Booque’s corporate work encompasses his Diversity, Equity and Inclusivity Consulting as well, which helps organizations better create a more diverse and inclusive workplace, and develop policies and programs that help facilitate the representation and participation of diverse groups. “As a cisgender black man who moves into the corporate space of wellness, people are passively receiving a DEI consultation just by my presence – that can’t not happen,” Booque says. “In some instances I simply come in and teach, and if people just acknowledge to themselves ‘wow this is a black man teaching,’ that’s their moment.”
In other instances, Booque has worked with organizations like C-TAC and Reimagine Inc. to bring integrative end of life care to communities of color, where it can otherwise be very difficult for people to receive these services due to cost and accessibility. Going back to his core belief of compassion and giving, he is always looking for opportunities to serve the community, improve resources, and make all spaces more equitable and inclusive. “It’s really about reading the audience and determining the cultural need,” he says, while also having productive methods to prevent uncompensated emotional labor.
To work with Osiris Booque at the corporate level via yoga therapy or DEI consulting services, visit his site or schedule a Discovery Call.
Flow for Black Lives
In 2020, Booque Co-Founded and soon after stepped into the Executive Director position for Flow for Black Lives, an initiative that serves the People of the Global Diaspora via yoga and wellness. The organization has since helped over 10,000 people find community and connection through breath, movement and mindfulness. He recognized the need for black individuals, leaders, and high performers to come restore their body and receive naturopathic medicine – nature-based medicine – and connect with people outside of the high stress environment that is social justice.
“There were many outdoor activations in the form of peaceful protests all throughout LA at the time, and what inspired me about it was I looked around saw that many of my allies, many of my brothers and sisters and nonbinary siblings in the streets were marching their hearts and souls out on asphalt and concrete with rubber shoes,” he says. “Asphalt, concrete and rubber are 3 of the only things in the multiverse that do not conduct electricity, which means that when these individuals are marching they are using their life source energy without it being returned to them.”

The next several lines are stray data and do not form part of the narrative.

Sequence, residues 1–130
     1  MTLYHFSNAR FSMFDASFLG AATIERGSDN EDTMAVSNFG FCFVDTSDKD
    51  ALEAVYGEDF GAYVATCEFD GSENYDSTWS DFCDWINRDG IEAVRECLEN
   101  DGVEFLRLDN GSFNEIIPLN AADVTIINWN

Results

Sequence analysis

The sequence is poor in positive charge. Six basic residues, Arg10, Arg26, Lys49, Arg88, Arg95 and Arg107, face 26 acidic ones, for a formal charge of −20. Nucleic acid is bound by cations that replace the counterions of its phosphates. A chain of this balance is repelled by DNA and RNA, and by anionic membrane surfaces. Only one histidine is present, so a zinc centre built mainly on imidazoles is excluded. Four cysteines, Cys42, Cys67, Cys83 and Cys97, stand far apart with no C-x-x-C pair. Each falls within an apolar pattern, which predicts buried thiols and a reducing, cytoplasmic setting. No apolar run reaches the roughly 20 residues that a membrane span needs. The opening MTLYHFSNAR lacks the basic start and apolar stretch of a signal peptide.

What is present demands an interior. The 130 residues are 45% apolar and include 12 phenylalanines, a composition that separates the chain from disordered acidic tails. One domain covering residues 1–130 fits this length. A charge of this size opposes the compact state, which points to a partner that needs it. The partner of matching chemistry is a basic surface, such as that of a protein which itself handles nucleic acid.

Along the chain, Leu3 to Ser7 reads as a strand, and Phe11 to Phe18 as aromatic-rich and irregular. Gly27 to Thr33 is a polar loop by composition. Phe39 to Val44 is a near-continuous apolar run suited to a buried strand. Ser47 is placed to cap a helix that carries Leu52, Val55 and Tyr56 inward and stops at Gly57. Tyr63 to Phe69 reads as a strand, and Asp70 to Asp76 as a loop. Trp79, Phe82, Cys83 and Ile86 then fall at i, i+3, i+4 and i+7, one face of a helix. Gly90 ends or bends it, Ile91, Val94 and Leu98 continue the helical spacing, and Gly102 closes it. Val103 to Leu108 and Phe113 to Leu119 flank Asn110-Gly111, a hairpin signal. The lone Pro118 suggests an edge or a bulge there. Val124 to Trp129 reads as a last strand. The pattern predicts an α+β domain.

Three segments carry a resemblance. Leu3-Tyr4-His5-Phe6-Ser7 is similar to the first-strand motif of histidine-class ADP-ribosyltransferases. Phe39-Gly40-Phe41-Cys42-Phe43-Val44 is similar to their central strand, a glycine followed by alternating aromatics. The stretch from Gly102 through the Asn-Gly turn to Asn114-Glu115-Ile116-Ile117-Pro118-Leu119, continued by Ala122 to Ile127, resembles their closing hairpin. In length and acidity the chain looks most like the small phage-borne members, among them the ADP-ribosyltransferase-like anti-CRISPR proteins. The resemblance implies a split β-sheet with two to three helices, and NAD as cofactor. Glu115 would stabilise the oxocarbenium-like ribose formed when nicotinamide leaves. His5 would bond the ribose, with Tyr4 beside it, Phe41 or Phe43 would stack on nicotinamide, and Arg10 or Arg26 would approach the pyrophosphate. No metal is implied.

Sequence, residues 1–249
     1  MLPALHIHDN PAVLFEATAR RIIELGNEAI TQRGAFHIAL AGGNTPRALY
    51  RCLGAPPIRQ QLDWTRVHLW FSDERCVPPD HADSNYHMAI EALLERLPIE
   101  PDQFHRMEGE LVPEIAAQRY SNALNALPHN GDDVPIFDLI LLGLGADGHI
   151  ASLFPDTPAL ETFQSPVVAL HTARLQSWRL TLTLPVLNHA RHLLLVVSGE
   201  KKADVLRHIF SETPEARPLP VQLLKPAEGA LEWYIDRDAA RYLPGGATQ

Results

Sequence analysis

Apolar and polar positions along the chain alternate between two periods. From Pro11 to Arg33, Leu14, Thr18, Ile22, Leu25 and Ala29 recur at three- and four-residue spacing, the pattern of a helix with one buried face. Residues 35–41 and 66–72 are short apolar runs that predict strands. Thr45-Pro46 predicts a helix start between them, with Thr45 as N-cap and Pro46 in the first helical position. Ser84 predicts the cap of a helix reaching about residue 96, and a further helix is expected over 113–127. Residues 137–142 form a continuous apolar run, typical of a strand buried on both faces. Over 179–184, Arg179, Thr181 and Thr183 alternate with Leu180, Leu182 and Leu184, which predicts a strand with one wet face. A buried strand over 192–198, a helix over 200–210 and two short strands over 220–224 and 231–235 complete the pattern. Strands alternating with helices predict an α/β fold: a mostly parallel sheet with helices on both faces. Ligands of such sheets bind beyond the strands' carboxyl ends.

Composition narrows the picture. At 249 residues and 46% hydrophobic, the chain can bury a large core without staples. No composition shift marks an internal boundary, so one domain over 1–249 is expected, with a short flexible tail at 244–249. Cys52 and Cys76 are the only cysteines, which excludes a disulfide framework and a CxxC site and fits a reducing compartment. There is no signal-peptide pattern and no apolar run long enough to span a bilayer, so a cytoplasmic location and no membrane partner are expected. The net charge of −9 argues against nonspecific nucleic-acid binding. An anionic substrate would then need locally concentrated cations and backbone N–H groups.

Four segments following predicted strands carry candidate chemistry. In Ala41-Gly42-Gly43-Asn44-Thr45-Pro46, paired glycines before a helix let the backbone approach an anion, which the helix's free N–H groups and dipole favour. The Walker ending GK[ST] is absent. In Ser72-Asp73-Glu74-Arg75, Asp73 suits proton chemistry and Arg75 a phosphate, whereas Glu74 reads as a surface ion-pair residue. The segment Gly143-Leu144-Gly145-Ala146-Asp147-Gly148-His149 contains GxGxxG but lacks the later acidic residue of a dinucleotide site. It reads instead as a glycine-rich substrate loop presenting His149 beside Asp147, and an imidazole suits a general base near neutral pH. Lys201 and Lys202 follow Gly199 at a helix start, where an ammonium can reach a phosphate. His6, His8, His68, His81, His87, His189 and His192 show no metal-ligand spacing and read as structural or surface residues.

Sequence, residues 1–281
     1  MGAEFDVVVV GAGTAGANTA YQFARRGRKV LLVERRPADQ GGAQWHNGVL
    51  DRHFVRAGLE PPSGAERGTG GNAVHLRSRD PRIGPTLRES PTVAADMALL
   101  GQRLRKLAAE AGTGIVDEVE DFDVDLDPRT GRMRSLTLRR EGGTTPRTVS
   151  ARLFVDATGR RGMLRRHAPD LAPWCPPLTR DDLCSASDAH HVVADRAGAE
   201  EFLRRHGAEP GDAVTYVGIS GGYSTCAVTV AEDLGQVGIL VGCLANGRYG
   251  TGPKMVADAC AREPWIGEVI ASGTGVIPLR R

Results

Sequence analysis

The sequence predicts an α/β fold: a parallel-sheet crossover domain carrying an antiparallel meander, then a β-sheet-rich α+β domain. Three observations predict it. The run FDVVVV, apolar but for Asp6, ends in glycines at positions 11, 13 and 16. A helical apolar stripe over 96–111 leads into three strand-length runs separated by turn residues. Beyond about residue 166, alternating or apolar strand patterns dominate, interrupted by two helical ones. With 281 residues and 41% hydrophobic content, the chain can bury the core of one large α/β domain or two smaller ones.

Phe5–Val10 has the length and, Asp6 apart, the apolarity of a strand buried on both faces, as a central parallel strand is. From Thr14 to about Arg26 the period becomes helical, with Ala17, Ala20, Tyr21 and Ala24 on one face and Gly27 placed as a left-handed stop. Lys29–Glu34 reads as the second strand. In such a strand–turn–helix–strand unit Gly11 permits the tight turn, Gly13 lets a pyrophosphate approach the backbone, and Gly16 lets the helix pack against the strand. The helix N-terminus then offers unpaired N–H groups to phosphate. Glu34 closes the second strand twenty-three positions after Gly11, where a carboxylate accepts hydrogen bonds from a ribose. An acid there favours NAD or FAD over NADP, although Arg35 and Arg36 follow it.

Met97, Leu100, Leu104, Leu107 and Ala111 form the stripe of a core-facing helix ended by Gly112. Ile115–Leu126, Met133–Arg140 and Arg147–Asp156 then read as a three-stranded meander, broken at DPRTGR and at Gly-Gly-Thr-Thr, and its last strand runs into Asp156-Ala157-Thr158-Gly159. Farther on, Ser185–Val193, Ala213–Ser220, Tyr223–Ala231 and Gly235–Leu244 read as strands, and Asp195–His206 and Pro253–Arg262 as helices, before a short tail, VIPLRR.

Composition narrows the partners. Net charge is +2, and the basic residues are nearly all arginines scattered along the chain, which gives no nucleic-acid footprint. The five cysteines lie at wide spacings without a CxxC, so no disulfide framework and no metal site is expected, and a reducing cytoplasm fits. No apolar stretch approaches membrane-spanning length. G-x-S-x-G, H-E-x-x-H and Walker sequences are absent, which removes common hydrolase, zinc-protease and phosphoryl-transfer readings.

Osiris Booque is excited to be a part of the quantum efflux of melanted and black wellness entrepreneurs starting businesses and organizations to represent and heal their communities. “It’s a form of a new renaissance, like a 1920s of wellness, doing what jazz had done at the time,” Booque says. “Black culture seems to be impervious to any type of external force that tries to tear us down. This has its down side in that black bodies have historically been misrepresented in regards to our tolerance for pain, leading the non black majority to believe that black bodies are invincible. Instead, we grow and adapt, and right now we have recognized we need to begin to heal ourselves, we cannot continue to ask for the healing to be in the hands of our oppressors. It is a beautiful feeling to be received by the black community and thanked for the fact that I am a wellness practitioner.”
To join or support Flow for Black lives, contactOsiris Booque, or learn more about how to invest and donate to flow here.
Acknowledging the Spiritual Toll of Oppression
“Black people in America have had the capacity to adopt anglo saxon religious practices, not out of the desire but out of the necessity to maintain their connection to god and spirit,” Booque shares. “I think it brings up a lot of emotion in me to feel how spiritually exhausted I am at the age of 30, and the way to break through this spiritual toll of inequality and oppression, is to acknowledge – not to blame, but to acknowledge and attribute the fact that oppression has played into our fatigue and remember that there were and still are hurdles in our lane in this race.”
He points out that, as Peter Levine describes in Waking the Tiger, in order to go from a stressed, upregulated state of trauma and survival; to a somatic, downregulated state of stasis and thriving, first it’s important to acknowledge those large sections of times in trauma. Then one can remember that they don’t need to function from a state of stress all the time. “Nipsey Hussle talks about this in some of his interviews, may he rest in peace, that when not under stress people act and think differently, and can actually consider other people,” Booque says. “As Abraham Maslow would say, our core level of that hierarchy of needs is being met.”
Other Healing Modalities
Beyond yoga, Booque utilizes a variety of healing tools from crystals to music to herbs, like Tulsi for stress relief and Butterfly Pea for third eye activation. “I always invite students and clients to have an integrative practice, which is part of what made me want to partner with Organic India in the first place – this need for us to have herbal remedies within our day to day sadhanas,” he shares. “In studying bioactive herbs more, how much they reflect the genetic code of us, I believe that natural bioactive compounds, across the board from the phenolic acids, to the flavonoids, to the curcumins to the alkaloids, can benefit our physical and subtle energies.”
Osiris Booque and Flow for Black Lives are open to future partnerships and collaborations. “Please feel free to reach out not only with succinct plans, but also far out ones that might need to be masterminded, because the next genius is always the neighbor we haven’t spoken to,” he concludes.